On our first weekend on campus we watched two movies, both of which dealt with being governed by bullies, and seeking independence: Braveheart and Michael Collins. Braveheart was about a Celtic Scotsman whose father died when he was a boy. He was taught many things by the uncle who raised him, and when he returned to his village all he wanted was peace and quiet. He fell in love, built a farm, and secretly got married. When the British murdered his wife, he convinced his fellow countryman to go to war. His name was William Wallace. He was born in 1270 and died in 1305 when the British captured him, tortured him, and killed him.
The second movie was about an Irishman who had to fight in the dark shadows of Ireland against British intelligence, which ruled with an “iron fist.” He, and his compatriots, the I.R.A. (Irish Republican Army) fought in guerilla style all over the city. They even went so far as taking the extreme measures of killing their fellow countrymen for cooperating with the British, but in the end they caused so much destruction that the British had no choice but to negotiate with them. The result was that half of Ireland was given its freedom from England, which ultimately resulted in a civil war. The man’s name was Michael Collins.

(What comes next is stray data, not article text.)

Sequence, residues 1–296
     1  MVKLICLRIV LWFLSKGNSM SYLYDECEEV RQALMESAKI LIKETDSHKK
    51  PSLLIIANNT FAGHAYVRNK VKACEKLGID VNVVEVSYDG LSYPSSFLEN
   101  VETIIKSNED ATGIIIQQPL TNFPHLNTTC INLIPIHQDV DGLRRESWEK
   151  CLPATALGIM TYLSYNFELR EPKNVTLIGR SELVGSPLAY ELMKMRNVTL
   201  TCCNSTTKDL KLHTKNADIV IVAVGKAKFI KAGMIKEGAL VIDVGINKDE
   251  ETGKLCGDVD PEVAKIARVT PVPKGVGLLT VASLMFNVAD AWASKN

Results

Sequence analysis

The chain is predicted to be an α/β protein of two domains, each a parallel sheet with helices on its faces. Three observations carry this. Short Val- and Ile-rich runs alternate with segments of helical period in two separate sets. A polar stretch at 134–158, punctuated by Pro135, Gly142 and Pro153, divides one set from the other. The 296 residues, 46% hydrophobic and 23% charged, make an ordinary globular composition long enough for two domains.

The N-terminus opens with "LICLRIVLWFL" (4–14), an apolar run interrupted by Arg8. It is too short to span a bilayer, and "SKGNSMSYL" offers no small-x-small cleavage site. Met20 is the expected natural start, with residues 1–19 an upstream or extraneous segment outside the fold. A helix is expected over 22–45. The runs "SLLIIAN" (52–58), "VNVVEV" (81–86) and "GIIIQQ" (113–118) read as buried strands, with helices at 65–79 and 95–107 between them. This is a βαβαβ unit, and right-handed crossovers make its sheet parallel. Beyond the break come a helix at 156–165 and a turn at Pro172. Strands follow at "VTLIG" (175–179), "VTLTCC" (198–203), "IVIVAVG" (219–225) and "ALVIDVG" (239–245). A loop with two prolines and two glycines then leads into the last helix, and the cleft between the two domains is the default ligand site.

These two men fought for freedom. One won it with his death, while the other never got to see it. They both wanted freedom, but they went about getting it in different ways. Sure, Collins was able to free half of Ireland, but the result was a civil war. Was the only difference between these two men that one failed and the other succeeded? Maybe it was that Collins allowed himself to become as low as the British when he began murdering his own countrymen. Maybe it was due to the times, or maybe it was that William Wallace sacrificed his own life to rally his countryman to full victory. Perhaps we’ll never know, but however they were different, both men tried their hardest, and for that I respect them.